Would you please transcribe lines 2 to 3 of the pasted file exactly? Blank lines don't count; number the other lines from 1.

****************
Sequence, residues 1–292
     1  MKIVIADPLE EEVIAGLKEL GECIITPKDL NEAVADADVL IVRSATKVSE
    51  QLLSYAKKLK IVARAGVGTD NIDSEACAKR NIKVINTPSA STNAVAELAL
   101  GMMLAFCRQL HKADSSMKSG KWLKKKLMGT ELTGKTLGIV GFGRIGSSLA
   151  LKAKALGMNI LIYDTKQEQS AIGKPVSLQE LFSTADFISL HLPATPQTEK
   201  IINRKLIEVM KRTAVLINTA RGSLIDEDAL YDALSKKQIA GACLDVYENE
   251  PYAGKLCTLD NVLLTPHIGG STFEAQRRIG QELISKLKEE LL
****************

     1  MKIVIADPLE EEVIAGLKEL GECIITPKDL NEAVADADVL IVRSATKVSE
    51  QLLSYAKKLK IVARAGVGTD NIDSEACAKR NIKVINTPSA STNAVAELAL